Ian Desmond stood on third base, helmet in his right hand and hands on his hips. By the backstop to his left, two umpires listened to black headsets stretched over their ears. Players in the Washington Nationals dugout murmured to each other. They all waited to find out if Desmond had hit a home run and given the Nationals the lead, or if he would stay on third base. An action-filled game would be decided by 3 minutes 42 seconds of inertia.
“I was just wondering what I was going to do if they messed it up,” Desmond said.
They did not mess it up. Joe West, one of the umpires, pulled off his headset and twirled his right index finger. Desmond tugged his helmet on and jogged home. The blast that skipped off the top of the right-center field fence, off a white railing and back into the field had pushed the Nationals ahead in the seventh inning, the decisive run in their sweep-sealing, 4-3 victory over the Colorado Rockies.
In their fifth straight win, the Nationals erased an early three-run deficit behind Doug Fister, who never buckled as he labored through seven innings. Jayson Werth sparked the comeback — and continued his surge — with a two-run homer in the fourth inning.
Rafael Soriano stranded men on the corners in the ninth for his 20th save, pumping 94-mph fastballs as he lowered his ERA to 1.06. He punctuated the pop-up he induced from pinch hitter Josh Rutledge with two vicious yanks of his shirttail.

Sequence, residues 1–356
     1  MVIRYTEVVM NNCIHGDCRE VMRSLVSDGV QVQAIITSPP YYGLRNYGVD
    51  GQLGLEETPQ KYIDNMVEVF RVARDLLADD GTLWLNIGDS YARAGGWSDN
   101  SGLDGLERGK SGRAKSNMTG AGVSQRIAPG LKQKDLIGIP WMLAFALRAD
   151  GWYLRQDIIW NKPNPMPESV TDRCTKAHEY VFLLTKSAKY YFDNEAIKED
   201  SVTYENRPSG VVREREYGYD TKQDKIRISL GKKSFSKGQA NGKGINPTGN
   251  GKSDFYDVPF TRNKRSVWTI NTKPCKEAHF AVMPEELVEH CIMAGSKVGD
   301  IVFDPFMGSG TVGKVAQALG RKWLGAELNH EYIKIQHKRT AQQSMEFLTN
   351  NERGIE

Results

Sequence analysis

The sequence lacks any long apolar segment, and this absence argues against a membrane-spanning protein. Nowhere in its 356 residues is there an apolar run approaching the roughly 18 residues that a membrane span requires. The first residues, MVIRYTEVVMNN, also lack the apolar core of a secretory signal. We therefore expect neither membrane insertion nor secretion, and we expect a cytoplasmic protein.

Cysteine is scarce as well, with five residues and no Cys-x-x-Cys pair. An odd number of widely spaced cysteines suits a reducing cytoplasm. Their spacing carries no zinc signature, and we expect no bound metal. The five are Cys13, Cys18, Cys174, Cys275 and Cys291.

“Watching on TV or watching from the stands, his misses, people take those as uncalculated,” Desmond said. “But he knows exactly what he’s doing, exactly where he wants to put the ball, and he executes a lot. . . . I’ve started to kind of learn what his sequences are. I’ve got 100 percent confidence every time he takes the mound.”
After the Nationals moved ahead, Manager Matt Williams removed third baseman Ryan Zimmerman in the eighth — his excellent, diving play earlier in the evening notwithstanding — to make a defensive upgrade. Anthony Rendon moved to third, and Danny Espinosa entered at second.
“At that point,” Williams said, “we want our finest defense in there.”
More customarily, he put Tyler Clippard on the mound. With two outs, Justin Morneau rolled a single into right field. “Darn it,” Clippard thought. Rather than a groundball out for a clean escape, he had to face Troy Tulowitzki, perhaps the best player in the National League, as the tying run.
Because of his own previous patterns, Clippard suspected Tulowitzki would sit on offspeed pitches. So Clippard fired fastballs. Tulowitzki fouled back one at his chin, then took a generous strike two on the outside corner. He fouled away another fastball.
Clippard believed he had Tulowitzki set up not for his trademark change-up, but his secret weapon. Clippard experimented with his splitter — “splitty,” he calls it — for years, playing catch in the outfield. He started using it in games late last season. As opposed to his change-up, it requires no touch, which is what he likes about it. He can simply throw it as hard as he can and hope he buries it. “It’s a mindless pitch,” Clippard said. “Grip it and rip it.”